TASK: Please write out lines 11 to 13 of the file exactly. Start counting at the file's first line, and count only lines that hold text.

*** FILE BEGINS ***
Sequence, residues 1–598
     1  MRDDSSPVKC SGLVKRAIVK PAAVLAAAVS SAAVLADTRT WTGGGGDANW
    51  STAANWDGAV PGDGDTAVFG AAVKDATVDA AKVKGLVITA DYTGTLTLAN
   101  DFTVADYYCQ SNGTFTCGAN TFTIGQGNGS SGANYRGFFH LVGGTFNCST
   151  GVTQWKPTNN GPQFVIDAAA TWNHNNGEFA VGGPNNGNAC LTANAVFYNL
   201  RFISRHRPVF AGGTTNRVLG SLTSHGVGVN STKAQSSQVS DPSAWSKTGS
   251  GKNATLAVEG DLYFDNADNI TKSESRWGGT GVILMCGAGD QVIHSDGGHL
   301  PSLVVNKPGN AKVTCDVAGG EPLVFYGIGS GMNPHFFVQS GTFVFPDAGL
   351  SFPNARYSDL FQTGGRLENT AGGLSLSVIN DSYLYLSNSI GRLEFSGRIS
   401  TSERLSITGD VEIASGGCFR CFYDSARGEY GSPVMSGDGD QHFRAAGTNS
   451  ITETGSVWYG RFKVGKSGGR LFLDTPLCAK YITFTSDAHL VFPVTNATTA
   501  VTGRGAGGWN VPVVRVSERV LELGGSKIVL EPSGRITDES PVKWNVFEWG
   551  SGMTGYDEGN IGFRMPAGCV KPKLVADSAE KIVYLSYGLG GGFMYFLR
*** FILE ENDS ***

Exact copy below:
   451  ITETGSVWYG RFKVGKSGGR LFLDTPLCAK YITFTSDAHL VFPVTNATTA
   501  VTGRGAGGWN VPVVRVSERV LELGGSKIVL EPSGRITDES PVKWNVFEWG
   551  SGMTGYDEGN IGFRMPAGCV KPKLVADSAE KIVYLSYGLG GGFMYFLR